Which vehicle will be first to have an entire cockpit designed by a supplier?
Probably one of our mid-sized vehicles. I don't want to tell you which one. It's three or four years out. That's our strategy.
If you want a harmonious interior - all the parts have the same grain and the same matching colors - you need to have one supplier take total responsibility.
Suppliers like Lear or Johnson Controls are capable of doing that. And when we talk about a car interior, we aren't just talking about the cockpit or instrument panel. We're also talking about the console, the door trim, the headliner, coordinating the carpeting, and so forth.
How do you make sure that your suppliers are using the best technology?
The best technology is not found at the Tier 1 level. The best technology is found among Tier 2 and Tier 3 suppliers. We have a process, called CAP, or Central Advanced Purchasing. We will want to know, for example, who is providing the best entertainment system. We will want to know who is providing the instrument cluster, and whether it is adaptable to an international marketplace.
We will try to create some marriages between suppliers that have not historically done business with each other.
So you are not ready to give Tier 1 suppliers complete freedom to choose their Tier 2 and Tier 3 suppliers?
We are going to review where the technology is coming from. If we are not getting the best technology, there may be some Tier 2s and 3s that the Tier 1 supplier might want to buy parts from. Or maybe they will form a joint venture.
Can you see the world better than the suppliers?
We are encouraging suppliers to knock on our door. We are finding out that Tier 1 suppliers do not always know about the global Tier 2s. As a result of that, we can create some marriages among Tier 1 suppliers to make them better suppliers.
If you have located a better Tier 2 supplier, you are telling the Tier 1 supplier that their in-house technology may not be as good.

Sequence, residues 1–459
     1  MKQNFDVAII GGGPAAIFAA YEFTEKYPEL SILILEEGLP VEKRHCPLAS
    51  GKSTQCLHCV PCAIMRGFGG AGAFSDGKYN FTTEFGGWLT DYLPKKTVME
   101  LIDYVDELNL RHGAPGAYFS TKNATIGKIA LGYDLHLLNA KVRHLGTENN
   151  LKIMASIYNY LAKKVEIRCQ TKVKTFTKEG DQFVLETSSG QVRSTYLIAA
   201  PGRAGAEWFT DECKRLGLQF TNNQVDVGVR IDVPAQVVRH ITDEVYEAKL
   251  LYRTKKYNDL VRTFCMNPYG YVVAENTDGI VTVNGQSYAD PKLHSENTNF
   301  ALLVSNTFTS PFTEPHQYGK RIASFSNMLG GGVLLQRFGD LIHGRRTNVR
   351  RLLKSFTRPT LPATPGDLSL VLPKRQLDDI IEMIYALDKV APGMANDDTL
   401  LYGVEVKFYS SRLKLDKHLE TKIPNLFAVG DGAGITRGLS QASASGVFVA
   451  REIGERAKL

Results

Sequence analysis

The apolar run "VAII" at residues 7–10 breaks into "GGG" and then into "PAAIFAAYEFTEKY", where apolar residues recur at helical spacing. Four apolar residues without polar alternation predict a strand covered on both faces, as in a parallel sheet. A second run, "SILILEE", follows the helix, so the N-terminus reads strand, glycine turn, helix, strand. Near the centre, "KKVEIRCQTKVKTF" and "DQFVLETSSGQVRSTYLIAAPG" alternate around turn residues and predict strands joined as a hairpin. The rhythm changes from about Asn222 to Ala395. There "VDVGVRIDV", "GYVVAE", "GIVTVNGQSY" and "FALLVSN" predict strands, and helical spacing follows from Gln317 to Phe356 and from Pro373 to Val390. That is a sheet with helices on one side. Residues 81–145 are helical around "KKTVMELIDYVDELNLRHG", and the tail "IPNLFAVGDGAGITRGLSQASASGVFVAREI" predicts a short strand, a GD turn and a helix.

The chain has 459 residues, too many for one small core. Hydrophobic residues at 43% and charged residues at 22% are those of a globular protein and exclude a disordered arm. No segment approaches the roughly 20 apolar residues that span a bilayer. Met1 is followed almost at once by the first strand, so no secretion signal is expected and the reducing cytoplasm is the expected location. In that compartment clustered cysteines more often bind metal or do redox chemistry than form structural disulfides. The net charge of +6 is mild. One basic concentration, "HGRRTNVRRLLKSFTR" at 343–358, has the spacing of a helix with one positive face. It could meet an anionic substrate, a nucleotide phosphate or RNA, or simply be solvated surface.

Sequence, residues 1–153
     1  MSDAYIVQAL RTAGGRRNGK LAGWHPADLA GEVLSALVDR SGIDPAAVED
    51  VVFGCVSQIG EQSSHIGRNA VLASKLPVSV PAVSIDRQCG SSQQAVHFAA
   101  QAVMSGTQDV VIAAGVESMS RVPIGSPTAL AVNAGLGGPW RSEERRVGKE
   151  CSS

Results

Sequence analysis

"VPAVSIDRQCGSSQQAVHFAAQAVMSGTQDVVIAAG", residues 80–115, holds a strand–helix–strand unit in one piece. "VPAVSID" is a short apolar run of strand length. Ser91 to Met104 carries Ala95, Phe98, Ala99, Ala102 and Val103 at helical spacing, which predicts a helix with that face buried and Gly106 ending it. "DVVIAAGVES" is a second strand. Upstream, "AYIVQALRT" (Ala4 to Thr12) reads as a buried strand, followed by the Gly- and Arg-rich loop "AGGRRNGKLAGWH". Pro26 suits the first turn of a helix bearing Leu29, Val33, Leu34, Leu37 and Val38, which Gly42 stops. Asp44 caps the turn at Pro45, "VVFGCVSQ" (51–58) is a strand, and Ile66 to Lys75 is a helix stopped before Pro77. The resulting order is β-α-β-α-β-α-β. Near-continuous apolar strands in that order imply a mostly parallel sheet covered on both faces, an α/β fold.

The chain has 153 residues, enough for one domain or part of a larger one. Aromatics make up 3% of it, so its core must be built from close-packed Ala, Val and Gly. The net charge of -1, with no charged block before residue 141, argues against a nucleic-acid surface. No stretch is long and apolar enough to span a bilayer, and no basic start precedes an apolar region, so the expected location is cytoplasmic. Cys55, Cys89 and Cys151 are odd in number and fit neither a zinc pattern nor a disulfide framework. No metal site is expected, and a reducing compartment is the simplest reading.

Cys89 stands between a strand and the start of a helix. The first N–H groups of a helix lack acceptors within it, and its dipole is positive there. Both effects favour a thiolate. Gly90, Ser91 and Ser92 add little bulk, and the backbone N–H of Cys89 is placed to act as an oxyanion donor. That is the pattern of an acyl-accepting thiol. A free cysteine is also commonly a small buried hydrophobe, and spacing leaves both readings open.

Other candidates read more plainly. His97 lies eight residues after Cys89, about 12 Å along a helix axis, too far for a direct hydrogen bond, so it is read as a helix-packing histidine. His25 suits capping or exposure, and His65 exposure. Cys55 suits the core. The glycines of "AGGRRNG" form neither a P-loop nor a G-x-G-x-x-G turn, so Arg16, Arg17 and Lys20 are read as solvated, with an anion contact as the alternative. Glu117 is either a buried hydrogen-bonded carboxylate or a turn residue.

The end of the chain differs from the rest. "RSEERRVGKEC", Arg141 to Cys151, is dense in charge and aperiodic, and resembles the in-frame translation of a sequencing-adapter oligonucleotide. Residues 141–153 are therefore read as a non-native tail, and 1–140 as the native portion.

That's exactly right. But we would not force marriages between suppliers.
That implies that you are putting some teeth in your contention that merger mania may not always be the best strategy. You are encouraging suppliers to look at alternatives to mergers?
It is up to the supplier to decide how they want to grow. If I have one criticism, it's that in some cases, Tier 1 suppliers have joined up with Tier 2s that don't have the best technology in the world. Only time will tell how those mergers will work out.
A few years ago, GM said it would adopt a global one-price strategy to buy certain components. What progress have you made?
We recognized that we could offer suppliers big sales volumes with a global strategy. Previously, we might have talked about a car program with 200,000 units. Now we are talking about a million units.
The question is: How do we use global pricing to support high-volume regions like Europe and North America, plus low-volume regions like Taiwan or India?
We can do it if we have common components. We told our suppliers that we wanted them to engineer their components one time. Then we wanted them to ship the most expensive components around the world - then use local sourcing to produce less costly parts.
If we talk about a truck program here and in Indonesia, obviously the high-volume production will be in North America. So we pick a supplier like Denso International to produce the air conditioning. We would expect Denso to make the high-cost parts close to the original assembly plant (in North America).
But if we are going to make 7,000 or 8,000 trucks in Indonesia, we would expect Denso to ship the high-cost parts to Indonesia, where they would use some locally sourced components to complete the assembly in Indonesia.
Can you give us an example of a globally priced component?
Airbags. We have one price for airbags around the world, and basically one system. Antilock brakes, window regulators, glass, tires. By using our size, we can get the same prices and the same systems around the world.
How far has GM purchasing come in the past few years?
There has been a lot of turmoil. What I tried to do is truly create a global organization for GM. The globalization of the supply base is something we are extremely proud of.